Washington Department of Fish and Wildlife

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There were 20 questions found in this category:

  1. What should I do with an abandoned baby bird or other animal?
    It is illegal to possess or transport wildlife without a permit from WDFW. Do not take wildlife into your own care. In almost all cases, young wild animals found alone are not abandoned and do not need your help. More often than not, leaving a young animal alone affords it the best chance for ...
  2. How do I get rid of moles on my property?
    Moles are unclassified and unprotected wildlife, so you may kill moles on your own property when they are causing damage to crops, domestic animals, or the property itself (RCW 77.36.030). However, body-gripping traps marketed for mole extermination are illegal in Washington since passage of in ...
  3. How do I get rid of nuisance wildlife like raccoons or skunks on my property?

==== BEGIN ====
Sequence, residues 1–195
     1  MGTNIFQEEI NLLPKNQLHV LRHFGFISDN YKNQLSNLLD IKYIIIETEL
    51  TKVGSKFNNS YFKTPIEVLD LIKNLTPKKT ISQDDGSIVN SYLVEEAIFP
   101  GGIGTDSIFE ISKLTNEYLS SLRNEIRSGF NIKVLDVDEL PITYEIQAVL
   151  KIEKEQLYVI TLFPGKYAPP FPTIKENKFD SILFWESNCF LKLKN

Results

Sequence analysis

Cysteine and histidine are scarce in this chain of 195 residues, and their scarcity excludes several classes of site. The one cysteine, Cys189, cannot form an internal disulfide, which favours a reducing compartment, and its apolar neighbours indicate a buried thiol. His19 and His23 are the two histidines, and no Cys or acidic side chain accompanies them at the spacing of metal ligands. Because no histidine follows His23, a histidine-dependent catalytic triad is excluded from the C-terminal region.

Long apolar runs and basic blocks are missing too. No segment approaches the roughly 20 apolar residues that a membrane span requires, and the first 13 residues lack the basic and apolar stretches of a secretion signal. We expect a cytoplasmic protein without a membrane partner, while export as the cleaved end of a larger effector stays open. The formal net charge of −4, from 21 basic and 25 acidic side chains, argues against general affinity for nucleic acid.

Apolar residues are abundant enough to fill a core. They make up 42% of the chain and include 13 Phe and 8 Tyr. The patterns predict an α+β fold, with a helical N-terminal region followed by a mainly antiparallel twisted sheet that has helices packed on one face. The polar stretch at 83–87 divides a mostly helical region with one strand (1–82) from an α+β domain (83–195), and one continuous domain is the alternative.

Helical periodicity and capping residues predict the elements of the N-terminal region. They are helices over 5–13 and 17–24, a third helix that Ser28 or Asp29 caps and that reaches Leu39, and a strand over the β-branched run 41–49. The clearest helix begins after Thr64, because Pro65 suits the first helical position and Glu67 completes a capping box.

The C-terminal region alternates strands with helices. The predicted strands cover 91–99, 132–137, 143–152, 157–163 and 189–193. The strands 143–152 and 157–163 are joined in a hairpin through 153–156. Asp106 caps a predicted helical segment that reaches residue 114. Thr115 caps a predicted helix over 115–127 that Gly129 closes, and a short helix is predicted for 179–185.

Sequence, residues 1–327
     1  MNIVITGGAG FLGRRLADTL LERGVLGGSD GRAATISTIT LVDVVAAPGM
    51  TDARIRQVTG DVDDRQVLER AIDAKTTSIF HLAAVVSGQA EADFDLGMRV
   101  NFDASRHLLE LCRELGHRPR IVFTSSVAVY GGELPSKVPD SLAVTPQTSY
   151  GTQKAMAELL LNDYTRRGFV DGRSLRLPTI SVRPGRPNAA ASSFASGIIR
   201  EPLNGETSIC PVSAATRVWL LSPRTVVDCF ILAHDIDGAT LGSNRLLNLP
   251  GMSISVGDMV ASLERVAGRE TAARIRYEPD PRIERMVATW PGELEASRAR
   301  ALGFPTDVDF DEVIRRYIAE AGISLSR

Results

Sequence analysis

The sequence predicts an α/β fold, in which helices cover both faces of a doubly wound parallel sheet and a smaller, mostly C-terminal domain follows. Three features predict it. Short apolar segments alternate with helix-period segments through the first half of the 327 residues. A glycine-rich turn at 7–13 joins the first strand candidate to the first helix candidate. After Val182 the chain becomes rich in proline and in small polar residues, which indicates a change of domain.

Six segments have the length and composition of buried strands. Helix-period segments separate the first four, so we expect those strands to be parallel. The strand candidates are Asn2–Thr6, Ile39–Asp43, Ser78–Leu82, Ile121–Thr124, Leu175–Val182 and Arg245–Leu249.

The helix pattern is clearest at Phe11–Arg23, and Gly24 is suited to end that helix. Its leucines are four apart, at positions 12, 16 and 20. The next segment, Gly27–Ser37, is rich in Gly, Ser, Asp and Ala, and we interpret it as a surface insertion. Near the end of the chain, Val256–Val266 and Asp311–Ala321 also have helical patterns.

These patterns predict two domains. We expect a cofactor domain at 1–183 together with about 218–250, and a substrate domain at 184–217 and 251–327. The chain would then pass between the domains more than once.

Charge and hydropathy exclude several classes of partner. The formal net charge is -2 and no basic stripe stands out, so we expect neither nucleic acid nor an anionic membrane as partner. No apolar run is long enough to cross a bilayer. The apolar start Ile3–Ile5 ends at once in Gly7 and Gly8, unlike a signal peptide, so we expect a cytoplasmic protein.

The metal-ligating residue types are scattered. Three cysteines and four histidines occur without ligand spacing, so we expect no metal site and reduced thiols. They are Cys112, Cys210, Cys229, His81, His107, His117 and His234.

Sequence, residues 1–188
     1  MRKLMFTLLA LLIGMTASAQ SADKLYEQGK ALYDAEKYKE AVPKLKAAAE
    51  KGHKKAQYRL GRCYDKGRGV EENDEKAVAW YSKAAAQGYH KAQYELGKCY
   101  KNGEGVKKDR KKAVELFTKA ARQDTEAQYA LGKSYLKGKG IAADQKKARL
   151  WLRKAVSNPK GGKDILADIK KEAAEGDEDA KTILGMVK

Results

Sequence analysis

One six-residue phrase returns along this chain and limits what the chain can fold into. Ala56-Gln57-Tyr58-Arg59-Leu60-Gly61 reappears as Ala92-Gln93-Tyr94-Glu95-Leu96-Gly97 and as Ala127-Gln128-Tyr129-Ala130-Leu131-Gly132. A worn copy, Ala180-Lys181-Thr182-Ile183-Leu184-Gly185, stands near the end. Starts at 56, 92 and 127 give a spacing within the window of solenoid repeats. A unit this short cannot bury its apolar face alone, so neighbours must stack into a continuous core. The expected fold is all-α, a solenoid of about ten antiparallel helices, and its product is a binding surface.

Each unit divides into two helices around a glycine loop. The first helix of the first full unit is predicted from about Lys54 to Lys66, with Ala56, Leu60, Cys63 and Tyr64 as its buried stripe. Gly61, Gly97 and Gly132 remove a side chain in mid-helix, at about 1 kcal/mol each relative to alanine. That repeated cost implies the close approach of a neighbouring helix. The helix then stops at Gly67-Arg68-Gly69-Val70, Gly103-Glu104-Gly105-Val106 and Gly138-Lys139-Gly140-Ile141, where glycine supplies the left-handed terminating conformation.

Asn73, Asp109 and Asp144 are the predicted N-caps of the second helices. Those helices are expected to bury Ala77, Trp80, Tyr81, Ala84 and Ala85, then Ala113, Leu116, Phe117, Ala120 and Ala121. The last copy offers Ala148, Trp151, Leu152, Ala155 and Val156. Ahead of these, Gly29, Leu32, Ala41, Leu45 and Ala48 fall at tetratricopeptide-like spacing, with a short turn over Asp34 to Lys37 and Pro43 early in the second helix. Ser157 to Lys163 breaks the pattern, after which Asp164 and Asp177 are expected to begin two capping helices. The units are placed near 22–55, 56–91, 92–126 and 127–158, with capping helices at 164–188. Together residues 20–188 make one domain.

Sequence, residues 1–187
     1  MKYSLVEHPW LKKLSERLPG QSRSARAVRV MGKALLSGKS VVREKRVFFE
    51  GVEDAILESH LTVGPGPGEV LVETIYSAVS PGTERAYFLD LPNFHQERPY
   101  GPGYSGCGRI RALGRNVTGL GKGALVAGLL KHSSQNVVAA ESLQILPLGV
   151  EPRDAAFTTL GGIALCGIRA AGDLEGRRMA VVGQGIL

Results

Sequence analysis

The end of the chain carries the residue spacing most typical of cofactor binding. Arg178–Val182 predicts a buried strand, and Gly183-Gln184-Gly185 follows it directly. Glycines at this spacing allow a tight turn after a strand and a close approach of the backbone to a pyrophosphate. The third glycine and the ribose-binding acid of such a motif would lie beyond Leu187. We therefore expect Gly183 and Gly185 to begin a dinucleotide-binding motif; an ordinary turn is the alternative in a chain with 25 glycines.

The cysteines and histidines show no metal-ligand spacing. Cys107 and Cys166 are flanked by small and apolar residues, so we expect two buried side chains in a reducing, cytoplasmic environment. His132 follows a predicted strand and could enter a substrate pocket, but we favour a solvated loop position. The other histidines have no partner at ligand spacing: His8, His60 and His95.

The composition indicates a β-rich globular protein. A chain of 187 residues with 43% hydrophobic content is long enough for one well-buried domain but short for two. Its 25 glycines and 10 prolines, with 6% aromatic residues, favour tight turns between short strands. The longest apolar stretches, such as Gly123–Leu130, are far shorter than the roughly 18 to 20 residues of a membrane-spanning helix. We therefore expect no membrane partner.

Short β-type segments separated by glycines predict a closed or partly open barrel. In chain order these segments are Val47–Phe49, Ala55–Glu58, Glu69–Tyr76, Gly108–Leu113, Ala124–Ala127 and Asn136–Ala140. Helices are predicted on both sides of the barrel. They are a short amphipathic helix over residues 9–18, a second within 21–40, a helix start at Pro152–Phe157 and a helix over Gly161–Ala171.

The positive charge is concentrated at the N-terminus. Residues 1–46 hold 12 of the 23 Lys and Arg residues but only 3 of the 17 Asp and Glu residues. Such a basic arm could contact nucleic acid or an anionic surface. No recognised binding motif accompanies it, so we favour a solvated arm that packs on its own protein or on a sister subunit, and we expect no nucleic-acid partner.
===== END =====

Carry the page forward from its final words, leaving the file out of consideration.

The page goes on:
The first step to discouraging nuisance wildlife on your property is to remove the source of attraction, which is usually food. Never leave out pet food, secure garbage and compost piles, and protect gardens and small livestock, such as chickens. Prevent wild animals from taking cover on your p ...
  4. Do I need a hunting license to hunt coyotes in Washington?
    In order to hunt coyotes in Washington State, a valid small game or big game hunting license is required (RCW 77.32.010). Coyotes are unclassified wildife and are not regulated by WDFW. Since they are unclassified, any weapon may be used to hunt them. There is no bag limit and coyotes can be hu ...
  5. How do I deal with a black bear?
    The first step in discouraging a black bear is to remove the source of attraction, which is almost always food. Bears have an excellent sense of smell and are omnivores, meaning they will eat almost anything, vegetable or meat. There are several precautions a person can take to reduce the chanc ...